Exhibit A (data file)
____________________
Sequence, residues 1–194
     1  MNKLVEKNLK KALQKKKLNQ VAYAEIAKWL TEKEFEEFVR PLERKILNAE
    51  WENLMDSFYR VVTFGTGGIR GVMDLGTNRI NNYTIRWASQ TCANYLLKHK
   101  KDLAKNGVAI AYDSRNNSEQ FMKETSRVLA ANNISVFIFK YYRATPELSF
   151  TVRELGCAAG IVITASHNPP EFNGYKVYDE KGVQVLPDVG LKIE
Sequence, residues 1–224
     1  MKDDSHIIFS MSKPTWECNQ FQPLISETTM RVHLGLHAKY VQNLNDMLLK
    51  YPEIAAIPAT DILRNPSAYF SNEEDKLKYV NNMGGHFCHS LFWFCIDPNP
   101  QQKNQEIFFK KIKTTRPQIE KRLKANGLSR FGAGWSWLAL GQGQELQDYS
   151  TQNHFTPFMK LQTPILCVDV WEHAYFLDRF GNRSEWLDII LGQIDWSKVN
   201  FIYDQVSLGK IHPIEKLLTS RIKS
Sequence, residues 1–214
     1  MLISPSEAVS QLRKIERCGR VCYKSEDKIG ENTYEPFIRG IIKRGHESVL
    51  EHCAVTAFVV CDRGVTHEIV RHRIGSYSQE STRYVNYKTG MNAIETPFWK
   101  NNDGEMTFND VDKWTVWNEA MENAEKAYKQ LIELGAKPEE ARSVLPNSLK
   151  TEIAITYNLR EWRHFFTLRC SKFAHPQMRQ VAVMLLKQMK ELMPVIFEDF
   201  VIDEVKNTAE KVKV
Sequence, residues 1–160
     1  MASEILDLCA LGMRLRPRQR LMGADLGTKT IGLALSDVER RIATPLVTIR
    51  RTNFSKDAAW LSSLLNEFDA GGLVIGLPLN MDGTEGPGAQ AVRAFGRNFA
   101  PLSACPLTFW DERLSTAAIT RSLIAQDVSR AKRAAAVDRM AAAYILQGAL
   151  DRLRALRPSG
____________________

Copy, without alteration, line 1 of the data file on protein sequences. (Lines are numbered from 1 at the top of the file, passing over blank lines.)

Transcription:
Sequence, residues 1–194